What kind of world do you want? –lyrics from “World” by Five for Fighting
Recently, I was caught up in the frenzied efforts to bring back the cancelled television show Jericho. I confess, I watched it religiously, every week.
Growing up in the “duck and cover” era,
I found the concept fascinating. The show however, was
disappointing on so many levels – the storyline was
slow and at times mundane, the mediocre lines delivered
by unremarkable actors at best.
Yet, I was drawn in.
So were as many as nine to eleven million other viewers per episode during its fledgling season.
When the network abruptly canceled the show, fans revolted. Websites, blogs, podcasts, and videos on You Tube popped up faster than mushrooms in an Oregon cow pasture after a spring rain.
Several individuals emerged taking leaderships roles and organizing campaigns. Fans overloaded email accounts, voicemails, postal carriers, websites servers, and signed petitions expressing their outrage. One fan set up a pay pal account, collected tens of thousands of dollars from anonymous donors to purchase print and banner ads.
Individuals contributed nearly $56,000 to
purchase over 20 tons of peanuts that were delivered to
the network’s doorstep.
Why my interest?
I couldn’t help but wonder what would happen if every individual living Downtown was this passionate, this invested in our community. With our resources, intelligence, abilities combined, could we bring about a quick resolution on such issues as building the new Main Library, shaping our waterfront edge, silencing the trains at night, schools and parks for our children, future parking and traffic concerns?
I wonder…What kind of a community do we want?
These Downtowners expressed their wishes for our community.
Parent of a toddler, Natisha Doherty (The Grande North) has a made a community with other young mothers living Downtown. She notes that the majority of residents living in her building, an older crowd, have formed their own social community. Though both communities coexist, she would like to see a collective attention on creating safe environments for children to play.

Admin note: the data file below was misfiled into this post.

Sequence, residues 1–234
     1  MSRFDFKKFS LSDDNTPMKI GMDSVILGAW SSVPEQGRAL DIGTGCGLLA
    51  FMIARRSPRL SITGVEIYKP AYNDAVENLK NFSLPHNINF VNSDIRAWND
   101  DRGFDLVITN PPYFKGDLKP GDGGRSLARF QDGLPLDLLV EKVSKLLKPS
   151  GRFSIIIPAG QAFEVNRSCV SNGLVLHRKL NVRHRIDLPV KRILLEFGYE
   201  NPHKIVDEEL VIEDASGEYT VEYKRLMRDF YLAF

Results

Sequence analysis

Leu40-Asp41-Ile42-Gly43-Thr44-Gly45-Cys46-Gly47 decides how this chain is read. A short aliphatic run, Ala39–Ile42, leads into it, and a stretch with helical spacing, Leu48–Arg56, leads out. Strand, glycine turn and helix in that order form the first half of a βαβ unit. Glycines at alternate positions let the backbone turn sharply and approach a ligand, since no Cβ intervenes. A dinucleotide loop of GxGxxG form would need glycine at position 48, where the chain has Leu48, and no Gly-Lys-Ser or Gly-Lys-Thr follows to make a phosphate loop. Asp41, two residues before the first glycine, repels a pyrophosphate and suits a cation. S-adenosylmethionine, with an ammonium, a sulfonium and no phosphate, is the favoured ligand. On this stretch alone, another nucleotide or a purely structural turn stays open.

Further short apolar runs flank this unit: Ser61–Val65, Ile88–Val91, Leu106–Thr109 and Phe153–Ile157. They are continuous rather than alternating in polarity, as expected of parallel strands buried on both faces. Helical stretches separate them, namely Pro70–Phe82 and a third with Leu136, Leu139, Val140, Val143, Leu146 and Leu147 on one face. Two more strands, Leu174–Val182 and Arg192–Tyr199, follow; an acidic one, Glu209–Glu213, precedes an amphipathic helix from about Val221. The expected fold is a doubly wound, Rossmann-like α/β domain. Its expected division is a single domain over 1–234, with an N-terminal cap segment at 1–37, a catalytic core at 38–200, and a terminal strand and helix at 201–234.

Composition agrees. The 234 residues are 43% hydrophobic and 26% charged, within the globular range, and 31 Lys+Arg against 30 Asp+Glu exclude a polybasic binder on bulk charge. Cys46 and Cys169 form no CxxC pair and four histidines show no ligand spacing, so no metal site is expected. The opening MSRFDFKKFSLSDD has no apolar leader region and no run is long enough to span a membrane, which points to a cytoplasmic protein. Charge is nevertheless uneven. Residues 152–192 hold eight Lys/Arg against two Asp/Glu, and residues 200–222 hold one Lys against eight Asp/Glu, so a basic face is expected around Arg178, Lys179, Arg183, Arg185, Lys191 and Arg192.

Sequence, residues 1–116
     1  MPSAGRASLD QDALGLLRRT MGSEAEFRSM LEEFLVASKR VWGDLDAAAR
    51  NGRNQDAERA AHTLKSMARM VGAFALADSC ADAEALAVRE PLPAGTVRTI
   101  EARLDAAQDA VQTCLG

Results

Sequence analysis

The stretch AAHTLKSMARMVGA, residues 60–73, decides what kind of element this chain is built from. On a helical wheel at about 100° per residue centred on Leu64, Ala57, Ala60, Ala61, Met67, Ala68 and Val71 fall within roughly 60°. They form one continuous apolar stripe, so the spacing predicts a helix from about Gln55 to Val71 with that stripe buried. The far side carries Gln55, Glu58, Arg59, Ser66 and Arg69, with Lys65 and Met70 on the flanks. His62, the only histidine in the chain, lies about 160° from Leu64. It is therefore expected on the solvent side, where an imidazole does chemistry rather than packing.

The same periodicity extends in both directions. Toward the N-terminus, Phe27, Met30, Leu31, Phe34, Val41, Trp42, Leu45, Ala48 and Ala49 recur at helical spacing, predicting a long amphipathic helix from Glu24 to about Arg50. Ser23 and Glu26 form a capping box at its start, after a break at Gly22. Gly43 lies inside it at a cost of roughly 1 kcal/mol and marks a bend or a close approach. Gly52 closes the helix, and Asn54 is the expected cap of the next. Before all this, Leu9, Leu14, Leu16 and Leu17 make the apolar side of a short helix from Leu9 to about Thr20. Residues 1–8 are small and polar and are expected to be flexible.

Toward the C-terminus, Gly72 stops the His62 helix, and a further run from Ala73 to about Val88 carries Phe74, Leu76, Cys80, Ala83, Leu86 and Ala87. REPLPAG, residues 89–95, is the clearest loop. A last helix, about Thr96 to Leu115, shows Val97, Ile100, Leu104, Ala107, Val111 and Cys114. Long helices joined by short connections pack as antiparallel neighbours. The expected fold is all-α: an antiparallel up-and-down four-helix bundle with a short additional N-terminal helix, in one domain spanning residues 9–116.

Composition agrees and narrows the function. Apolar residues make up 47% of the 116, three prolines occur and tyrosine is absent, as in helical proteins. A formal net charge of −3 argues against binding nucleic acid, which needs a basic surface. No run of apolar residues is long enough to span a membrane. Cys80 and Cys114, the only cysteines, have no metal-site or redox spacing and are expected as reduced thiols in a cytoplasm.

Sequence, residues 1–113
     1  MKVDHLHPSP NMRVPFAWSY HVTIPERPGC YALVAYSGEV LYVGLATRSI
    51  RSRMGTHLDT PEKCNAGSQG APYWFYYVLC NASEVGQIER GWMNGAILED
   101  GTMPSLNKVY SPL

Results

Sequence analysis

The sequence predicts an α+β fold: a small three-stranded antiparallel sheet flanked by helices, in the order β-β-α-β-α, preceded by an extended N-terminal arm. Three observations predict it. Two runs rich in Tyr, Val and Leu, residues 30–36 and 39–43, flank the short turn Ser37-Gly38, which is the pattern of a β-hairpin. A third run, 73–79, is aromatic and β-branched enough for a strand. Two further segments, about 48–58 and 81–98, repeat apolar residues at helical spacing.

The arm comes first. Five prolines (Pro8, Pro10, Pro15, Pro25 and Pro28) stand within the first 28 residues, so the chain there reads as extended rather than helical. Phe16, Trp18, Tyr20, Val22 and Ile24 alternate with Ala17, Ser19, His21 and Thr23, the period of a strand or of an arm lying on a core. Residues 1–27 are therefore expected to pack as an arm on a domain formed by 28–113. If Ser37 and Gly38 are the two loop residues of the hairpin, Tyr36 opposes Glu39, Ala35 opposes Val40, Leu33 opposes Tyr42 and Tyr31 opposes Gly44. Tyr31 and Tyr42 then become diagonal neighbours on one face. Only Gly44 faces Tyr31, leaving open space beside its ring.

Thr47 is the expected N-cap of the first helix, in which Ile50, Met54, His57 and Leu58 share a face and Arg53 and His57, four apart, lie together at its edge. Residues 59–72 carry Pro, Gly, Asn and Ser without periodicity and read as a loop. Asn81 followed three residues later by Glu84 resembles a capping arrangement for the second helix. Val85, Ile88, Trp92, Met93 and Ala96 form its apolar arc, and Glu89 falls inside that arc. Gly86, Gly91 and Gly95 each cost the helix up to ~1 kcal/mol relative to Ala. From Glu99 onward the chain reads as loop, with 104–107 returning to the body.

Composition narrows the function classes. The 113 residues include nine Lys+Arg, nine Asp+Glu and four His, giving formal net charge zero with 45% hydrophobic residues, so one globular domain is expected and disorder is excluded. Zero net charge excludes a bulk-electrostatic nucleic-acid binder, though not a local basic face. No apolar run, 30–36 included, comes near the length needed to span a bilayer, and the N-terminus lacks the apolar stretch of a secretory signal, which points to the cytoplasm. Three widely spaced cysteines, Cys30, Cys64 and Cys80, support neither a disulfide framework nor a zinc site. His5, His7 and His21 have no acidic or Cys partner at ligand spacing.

Sal Giametta (Columbia Place) wants a community filled with good places to escape in order to recharge our batteries, appealing and alluring places to connect people while providing a real sense of neighborhoods, and a vibrant street level filled with unique and diverse streetside retail.
Ken Cluskey (LaVita) is active in the community, serving as the President of the Little Italy Residents Association and a member of Centre City Advisory Committee. As an architect, he reflects what can get lost when building a city is often the building of community. The ideal environment is one where people can interact with each other and enjoy the many different facets of their life.
It took less than three weeks for impassioned
fans to convince the network to bring back Jericho. It
was a well-organized campaign that could not be ignored.
Can our collective voices be heard? Ask yourself, what
kind of community do you want?
History starts now. -July 2007